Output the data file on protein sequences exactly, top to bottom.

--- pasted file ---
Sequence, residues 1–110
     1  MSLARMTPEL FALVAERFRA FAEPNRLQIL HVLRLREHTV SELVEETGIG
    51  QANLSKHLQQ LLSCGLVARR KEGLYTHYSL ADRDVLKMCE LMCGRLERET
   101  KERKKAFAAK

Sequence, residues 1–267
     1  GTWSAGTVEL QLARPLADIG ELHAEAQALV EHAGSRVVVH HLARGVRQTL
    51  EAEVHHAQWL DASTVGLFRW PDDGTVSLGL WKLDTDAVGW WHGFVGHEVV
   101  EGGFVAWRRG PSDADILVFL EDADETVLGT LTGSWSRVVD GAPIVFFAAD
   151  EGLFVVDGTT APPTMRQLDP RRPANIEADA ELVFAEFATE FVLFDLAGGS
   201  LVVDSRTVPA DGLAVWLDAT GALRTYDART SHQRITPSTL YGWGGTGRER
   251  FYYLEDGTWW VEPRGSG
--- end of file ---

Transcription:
Sequence, residues 1–110
     1  MSLARMTPEL FALVAERFRA FAEPNRLQIL HVLRLREHTV SELVEETGIG
    51  QANLSKHLQQ LLSCGLVARR KEGLYTHYSL ADRDVLKMCE LMCGRLERET
   101  KERKKAFAAK

Sequence, residues 1–267
     1  GTWSAGTVEL QLARPLADIG ELHAEAQALV EHAGSRVVVH HLARGVRQTL
    51  EAEVHHAQWL DASTVGLFRW PDDGTVSLGL WKLDTDAVGW WHGFVGHEVV
   101  EGGFVAWRRG PSDADILVFL EDADETVLGT LTGSWSRVVD GAPIVFFAAD
   151  EGLFVVDGTT APPTMRQLDP RRPANIEADA ELVFAEFATE FVLFDLAGGS
   201  LVVDSRTVPA DGLAVWLDAT GALRTYDART SHQRITPSTL YGWGGTGRER
   251  FYYLEDGTWW VEPRGSG